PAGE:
The War in the Air – Day 65 of 115

He never knew how long his ascent of the ladder back into the airship took him, but in his dreams afterwards, when he recalled it, that experience seemed to last for hours. Below, above, around him were gulfs, monstrous gulfs of howling wind and eddies of dark, whirling snowflakes, and he was protected from it all by a little metal grating and a rail, a grating and rail that seemed madly infuriated with him, passionately eager to wrench him off and throw him into the tumult of space.

Once he had a fancy that a bullet tore by his ear, and that the clouds and snowflakes were lit by a flash, but he never even turned his head to see what new assailant whirled past them in the void. He wanted to get into the passage! He wanted to get into the passage! He wanted to get into the passage! Would the arm by which he was clinging hold out, or would it give way and snap? A handful of hail smacked him in the face, so that for a time he was breathless and nearly insensible. Hold tight, Bert! He renewed his efforts.

He found himself, with an enormous sense of relief and warmth, in the passage. The passage was behaving like a dice-box, its disposition was evidently to rattle him about and then throw him out again. He hung on with the convulsive clutch of instinct until the passage lurched down ahead. Then he would make a short run cabin-ward, and clutch again as the fore-end rose.

Behold! He was in the cabin!

He snapped-to the door, and for a time he was not a human being, he was a case of air-sickness. He wanted to get somewhere that would fix him, that he needn’t clutch. He opened the locker and got inside among the loose articles, and sprawled there helplessly, with his head sometimes bumping one side and sometimes the other. The lid shut upon him with a click. He did not care then what was happening any more. He did not care who fought who, or what bullets were fired or explosions occurred. He did not care if presently he was shot or smashed to pieces. He was full of feeble, inarticulate rage and despair. “Foolery!” he said, his one exhaustive comment on human enterprise, adventure, war, and the chapter of accidents that had entangled him. “Foolery! Ugh!” He included the order of the universe in that comprehensive condemnation. He wished he was dead.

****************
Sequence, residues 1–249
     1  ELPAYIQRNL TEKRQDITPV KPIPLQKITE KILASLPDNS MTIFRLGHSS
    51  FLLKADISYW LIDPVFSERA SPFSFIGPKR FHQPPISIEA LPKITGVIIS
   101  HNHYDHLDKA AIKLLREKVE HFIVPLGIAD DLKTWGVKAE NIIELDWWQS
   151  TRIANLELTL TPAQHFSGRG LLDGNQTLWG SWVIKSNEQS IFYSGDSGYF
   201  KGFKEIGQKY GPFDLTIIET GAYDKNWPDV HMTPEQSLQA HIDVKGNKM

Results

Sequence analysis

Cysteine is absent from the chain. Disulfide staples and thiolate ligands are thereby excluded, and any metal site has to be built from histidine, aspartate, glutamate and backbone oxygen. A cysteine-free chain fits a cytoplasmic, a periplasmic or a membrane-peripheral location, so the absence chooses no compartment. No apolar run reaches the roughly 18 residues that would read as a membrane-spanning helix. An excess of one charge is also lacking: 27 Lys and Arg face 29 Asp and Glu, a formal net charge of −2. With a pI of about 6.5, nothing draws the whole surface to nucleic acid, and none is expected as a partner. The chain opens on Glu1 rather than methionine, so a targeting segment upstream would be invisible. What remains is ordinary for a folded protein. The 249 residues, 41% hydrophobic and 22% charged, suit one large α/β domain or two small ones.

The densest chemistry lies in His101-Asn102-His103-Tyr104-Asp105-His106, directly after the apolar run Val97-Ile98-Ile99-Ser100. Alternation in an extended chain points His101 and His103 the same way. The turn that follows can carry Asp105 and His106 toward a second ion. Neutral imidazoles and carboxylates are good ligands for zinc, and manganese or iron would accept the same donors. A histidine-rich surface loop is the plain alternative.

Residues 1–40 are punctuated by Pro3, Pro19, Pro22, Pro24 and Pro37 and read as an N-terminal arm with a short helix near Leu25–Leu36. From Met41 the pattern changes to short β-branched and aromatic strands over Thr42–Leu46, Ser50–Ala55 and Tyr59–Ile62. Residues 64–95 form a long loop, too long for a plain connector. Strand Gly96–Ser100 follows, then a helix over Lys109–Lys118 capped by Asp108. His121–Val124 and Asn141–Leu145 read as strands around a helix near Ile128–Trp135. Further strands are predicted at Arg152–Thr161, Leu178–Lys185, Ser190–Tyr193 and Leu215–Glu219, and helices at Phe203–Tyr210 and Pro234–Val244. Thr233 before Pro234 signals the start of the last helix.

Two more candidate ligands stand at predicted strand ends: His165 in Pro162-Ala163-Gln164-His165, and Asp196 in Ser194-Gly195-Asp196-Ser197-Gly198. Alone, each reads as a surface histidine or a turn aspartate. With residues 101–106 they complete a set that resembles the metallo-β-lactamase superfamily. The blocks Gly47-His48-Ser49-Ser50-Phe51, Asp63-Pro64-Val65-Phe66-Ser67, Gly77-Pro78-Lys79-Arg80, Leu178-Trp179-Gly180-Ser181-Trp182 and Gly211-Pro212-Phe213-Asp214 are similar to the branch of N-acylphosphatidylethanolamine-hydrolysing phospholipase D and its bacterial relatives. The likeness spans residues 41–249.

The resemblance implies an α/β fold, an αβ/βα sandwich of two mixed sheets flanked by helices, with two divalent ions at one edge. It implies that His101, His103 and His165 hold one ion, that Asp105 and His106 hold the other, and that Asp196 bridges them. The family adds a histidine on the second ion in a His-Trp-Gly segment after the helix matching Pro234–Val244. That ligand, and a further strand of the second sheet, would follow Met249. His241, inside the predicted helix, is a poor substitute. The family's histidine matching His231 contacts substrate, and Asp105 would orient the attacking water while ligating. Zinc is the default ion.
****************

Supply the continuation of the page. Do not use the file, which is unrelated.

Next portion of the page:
He saw nothing of the stars, as presently the Vaterland cleared the rush and confusion of the lower weather, nor of the duel she fought with two circling aeroplanes, how they shot her rear-most chambers through, and how she fought them off with explosive bullets and turned to run as she did so.

The rush and swoop of these wonderful night birds was all lost upon him; their heroic dash and self-sacrifice. The Vaterland was rammed, and for some moments she hung on the verge of destruction, and sinking swiftly, with the American aeroplane entangled with her smashed propeller, and the Americans trying to scramble aboard. It signified nothing to Bert. To him it conveyed itself simply as vehement swaying. Foolery! When the American airship dropped off at last, with most of its crew shot or fallen, Bert in his locker appreciated nothing but that the Vaterland had taken a hideous upward leap.

But then came infinite relief, incredibly blissful relief. The rolling, the pitching, the struggle ceased, ceased instantly and absolutely. The Vaterland was no longer fighting the gale; her smashed and exploded engines throbbed no more; she was disabled and driving before the wind as smoothly as a balloon, a huge, windspread, tattered cloud of aerial wreckage.

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